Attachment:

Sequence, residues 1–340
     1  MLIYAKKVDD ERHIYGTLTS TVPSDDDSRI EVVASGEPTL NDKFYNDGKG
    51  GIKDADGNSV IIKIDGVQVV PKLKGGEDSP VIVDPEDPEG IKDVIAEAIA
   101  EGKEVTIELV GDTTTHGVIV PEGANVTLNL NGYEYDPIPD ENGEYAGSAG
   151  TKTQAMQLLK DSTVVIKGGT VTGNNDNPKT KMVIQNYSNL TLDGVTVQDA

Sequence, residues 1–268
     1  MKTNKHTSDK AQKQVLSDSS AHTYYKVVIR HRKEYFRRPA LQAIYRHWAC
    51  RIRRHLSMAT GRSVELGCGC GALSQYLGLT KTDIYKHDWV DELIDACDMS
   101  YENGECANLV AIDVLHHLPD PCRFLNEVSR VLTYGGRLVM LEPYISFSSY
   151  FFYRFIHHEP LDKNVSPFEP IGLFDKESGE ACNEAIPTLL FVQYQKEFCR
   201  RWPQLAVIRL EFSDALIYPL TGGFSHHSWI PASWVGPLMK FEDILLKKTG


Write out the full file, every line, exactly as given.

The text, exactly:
Sequence, residues 1–340
     1  MLIYAKKVDD ERHIYGTLTS TVPSDDDSRI EVVASGEPTL NDKFYNDGKG
    51  GIKDADGNSV IIKIDGVQVV PKLKGGEDSP VIVDPEDPEG IKDVIAEAIA
   101  EGKEVTIELV GDTTTHGVIV PEGANVTLNL NGYEYDPIPD ENGEYAGSAG
   151  TKTQAMQLLK DSTVVIKGGT VTGNNDNPKT KMVIQNYSNL TLDGVTVQDA

Sequence, residues 1–268
     1  MKTNKHTSDK AQKQVLSDSS AHTYYKVVIR HRKEYFRRPA LQAIYRHWAC
    51  RIRRHLSMAT GRSVELGCGC GALSQYLGLT KTDIYKHDWV DELIDACDMS
   101  YENGECANLV AIDVLHHLPD PCRFLNEVSR VLTYGGRLVM LEPYISFSSY
   151  FFYRFIHHEP LDKNVSPFEP IGLFDKESGE ACNEAIPTLL FVQYQKEFCR
   201  RWPQLAVIRL EFSDALIYPL TGGFSHHSWI PASWVGPLMK FEDILLKKTG